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Primitive Alien Life May Exist, Stephen Hawking Says

Primitive Alien Life May Exist, Stephen Hawking Says
Professor Stephen Hawking of the University of Cambridge, makes remarks at an event marking the 50th anniversary of NASA, Monday, April 21, 2008,at George Washington University in Washington. (Image credit: AP Photo/Lawrence Jackson.)

Alien lifemay well exist in a primitive form somewhere in our corner of the galaxy, famedastrophysicist Stephen Hawking said Monday.

Given thesize of the universe, it is unlikely that Earth is the only planet to develop somesort of life, Hawking told an audience at George Washington University inWashington, D.C. He added that humanity must embrace space exploration, if onlyto ensure itslong-term survival.

?Whilethere may be primitive life in our region of the galaxy, there don?t seem to beany advanced intelligent beings,? said Hawkingduring a lecture as part of a series commemorating NASA?s 50th anniversary thisyear.

The lack ofsuccess by the Search for Extra-Terrestrial Intelligence (SETI) project todiscover signals from an alien civilization suggests that none exist withinseveral 100 light-years of Earth, Hawking said, though he offered threetheories on the dearth of interplanetary communications.

Theprobability of primitivelife developing on a suitable planet may be extremely low, or it may behigh, but aliens intelligent enough to beam signals into space may also besmart enough to build civilization-destroying weapons like nuclear bombs, hesaid. More likely, he added, is that primitive life is likely to develop, butintelligent life as we know it is exceedingly rare.

?We don?tappear to have been visited by aliens,? Hawking said, adding that he discountsreports of UFOs. ?Why would they only appear to cranks and weirdoes??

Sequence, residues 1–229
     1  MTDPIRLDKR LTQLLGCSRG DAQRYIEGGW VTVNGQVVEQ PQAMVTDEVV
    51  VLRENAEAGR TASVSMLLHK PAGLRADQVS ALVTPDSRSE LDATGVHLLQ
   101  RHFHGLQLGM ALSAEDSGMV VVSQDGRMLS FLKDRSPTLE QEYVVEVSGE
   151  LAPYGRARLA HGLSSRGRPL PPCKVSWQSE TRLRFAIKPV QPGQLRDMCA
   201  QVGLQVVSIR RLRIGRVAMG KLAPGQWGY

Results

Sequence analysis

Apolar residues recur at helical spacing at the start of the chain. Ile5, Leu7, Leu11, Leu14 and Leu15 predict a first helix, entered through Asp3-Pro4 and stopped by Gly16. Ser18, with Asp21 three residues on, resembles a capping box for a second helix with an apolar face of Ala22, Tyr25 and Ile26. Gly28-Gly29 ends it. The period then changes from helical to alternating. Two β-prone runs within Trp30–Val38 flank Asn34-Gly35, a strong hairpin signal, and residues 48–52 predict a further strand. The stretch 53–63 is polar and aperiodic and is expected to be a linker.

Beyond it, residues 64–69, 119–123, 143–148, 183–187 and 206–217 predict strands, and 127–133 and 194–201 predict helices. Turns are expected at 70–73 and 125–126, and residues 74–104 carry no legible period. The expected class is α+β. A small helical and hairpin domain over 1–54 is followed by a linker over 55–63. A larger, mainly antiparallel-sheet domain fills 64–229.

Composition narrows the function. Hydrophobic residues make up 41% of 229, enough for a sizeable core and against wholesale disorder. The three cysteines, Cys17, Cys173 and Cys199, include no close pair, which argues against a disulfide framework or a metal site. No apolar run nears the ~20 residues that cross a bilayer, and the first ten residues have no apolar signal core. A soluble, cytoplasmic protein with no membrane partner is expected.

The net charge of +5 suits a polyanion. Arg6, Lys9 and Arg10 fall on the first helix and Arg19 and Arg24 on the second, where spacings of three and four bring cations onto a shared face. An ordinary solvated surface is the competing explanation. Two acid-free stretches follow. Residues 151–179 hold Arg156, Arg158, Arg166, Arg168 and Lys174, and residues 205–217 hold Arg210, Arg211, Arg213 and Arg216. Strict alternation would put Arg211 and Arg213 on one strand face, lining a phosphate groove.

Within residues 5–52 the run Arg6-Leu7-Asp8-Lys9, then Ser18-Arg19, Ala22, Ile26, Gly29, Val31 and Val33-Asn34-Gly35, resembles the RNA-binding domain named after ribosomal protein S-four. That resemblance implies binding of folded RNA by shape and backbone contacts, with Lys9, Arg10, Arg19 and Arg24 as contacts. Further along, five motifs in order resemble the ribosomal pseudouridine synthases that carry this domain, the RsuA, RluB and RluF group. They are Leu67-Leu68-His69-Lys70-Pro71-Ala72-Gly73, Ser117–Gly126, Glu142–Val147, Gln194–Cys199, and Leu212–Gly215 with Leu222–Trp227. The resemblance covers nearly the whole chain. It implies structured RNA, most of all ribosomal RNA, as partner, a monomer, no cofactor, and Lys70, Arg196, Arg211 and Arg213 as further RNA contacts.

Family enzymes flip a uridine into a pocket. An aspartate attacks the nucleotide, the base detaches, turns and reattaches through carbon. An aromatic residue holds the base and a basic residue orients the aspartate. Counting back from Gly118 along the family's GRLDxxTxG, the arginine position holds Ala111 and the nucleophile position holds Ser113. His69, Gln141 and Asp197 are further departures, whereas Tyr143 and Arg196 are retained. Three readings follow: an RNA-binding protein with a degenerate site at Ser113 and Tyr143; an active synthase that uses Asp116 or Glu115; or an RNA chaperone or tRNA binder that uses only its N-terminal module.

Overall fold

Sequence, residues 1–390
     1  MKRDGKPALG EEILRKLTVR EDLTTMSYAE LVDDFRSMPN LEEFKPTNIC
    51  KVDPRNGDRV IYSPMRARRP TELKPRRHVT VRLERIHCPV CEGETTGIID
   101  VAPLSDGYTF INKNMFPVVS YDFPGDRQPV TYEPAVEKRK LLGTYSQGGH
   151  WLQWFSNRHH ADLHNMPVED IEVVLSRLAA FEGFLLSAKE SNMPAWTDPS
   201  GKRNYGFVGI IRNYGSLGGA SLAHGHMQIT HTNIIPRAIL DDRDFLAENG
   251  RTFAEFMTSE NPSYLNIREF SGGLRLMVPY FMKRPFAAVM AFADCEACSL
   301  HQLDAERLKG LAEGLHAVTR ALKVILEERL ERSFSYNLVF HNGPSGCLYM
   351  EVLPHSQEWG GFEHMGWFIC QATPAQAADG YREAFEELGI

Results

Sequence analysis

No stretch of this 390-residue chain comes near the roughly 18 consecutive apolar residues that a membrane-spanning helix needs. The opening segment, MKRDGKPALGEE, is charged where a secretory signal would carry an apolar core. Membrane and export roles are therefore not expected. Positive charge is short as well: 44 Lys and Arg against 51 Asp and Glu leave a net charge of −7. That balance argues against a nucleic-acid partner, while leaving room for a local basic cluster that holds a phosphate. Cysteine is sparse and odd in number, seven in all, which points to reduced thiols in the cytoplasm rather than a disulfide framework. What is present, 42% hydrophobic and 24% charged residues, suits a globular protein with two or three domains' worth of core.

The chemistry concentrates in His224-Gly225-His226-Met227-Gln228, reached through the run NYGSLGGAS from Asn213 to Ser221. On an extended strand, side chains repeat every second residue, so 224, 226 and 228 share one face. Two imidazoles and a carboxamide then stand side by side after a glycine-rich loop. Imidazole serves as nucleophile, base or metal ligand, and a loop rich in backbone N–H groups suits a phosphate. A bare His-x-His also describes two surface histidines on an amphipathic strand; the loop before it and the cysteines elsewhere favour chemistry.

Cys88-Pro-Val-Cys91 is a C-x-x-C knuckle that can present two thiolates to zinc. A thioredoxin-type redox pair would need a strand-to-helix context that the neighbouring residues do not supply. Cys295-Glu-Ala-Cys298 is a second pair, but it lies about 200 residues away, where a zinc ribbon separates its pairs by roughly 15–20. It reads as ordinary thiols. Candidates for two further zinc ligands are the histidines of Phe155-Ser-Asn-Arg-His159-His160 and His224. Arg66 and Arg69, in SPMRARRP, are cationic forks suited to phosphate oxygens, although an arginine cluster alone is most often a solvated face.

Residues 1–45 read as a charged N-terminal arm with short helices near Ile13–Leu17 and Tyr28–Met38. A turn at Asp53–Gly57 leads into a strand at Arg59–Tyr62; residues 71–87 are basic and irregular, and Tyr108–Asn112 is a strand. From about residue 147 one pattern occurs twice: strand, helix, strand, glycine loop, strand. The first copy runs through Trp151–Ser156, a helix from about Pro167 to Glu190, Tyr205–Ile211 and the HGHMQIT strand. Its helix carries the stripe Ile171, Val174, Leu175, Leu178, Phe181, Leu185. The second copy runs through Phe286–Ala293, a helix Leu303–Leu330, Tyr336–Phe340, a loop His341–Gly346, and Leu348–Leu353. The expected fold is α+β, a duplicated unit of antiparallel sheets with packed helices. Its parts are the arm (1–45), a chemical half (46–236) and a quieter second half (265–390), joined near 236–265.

Alien lifeaside, Hawking said humanity must pursue a long-term effort of spaceexploration that would span hundreds of years in order to ensure the survivalof the species. He likened those opposed to spending money on space science andexploration to those who wrote off Christopher Columbus? trans-Atlantic Oceanvoyage in 1492 as a waste of money.

?Thediscovery of the New World made a profound difference on the old. Just think,we wouldn't have had a Big Mac or KFC,? Hawking said.

?Spreadingout into space will have an even greater effect,? he added. ?It will completelychange the future of the human race, and maybe determine whether we have anyfuture at all.?

Hawking,66, is a renownedtheoretical physicist and cosmologist who suffers from the neurologicaldisorder amyotrophic lateral sclerosis (ALS). He uses a wheelchair, communicateswith the aid of a computer, and co-wrote a children?s book about science -?George?s Secret Key to the Universe? - with his daughter Lucy in the hope ofinspiring youth to pursue studies in science and technology.

?We live ina society that is increasingly governed by science and technology,? Hawkingsaid. ?Yet fewer and fewer people want to go into science.?

Sendingastronauts back to the moon, establishing a lunar base with a clear target ofgoing on to Mars would do much to restore the public?s support for spaceflight,he added.

?If thehuman race is to continue for another million years we will have to boldly gowhere no one has gone before,? Hawking said.


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Tariq Malik

SPACE.COM EDITOR IN CHIEF — Tariq joined the team in 2001 as a staff writer, and later editor, covering human spaceflight, exploration and space science. He became's Managing Editor in 2009. Before joining, Tariq was a staff reporter for The Los Angeles Times. He is also an Eagle Scout (yes, he has the Space Exploration merit badge) and went to Space Camp four times as a kid and a fifth time as an adult. He has journalism degrees from the University of Southern California and New York University. To see his latest project, you can follow Tariq on Google+, Twitter and on Facebook.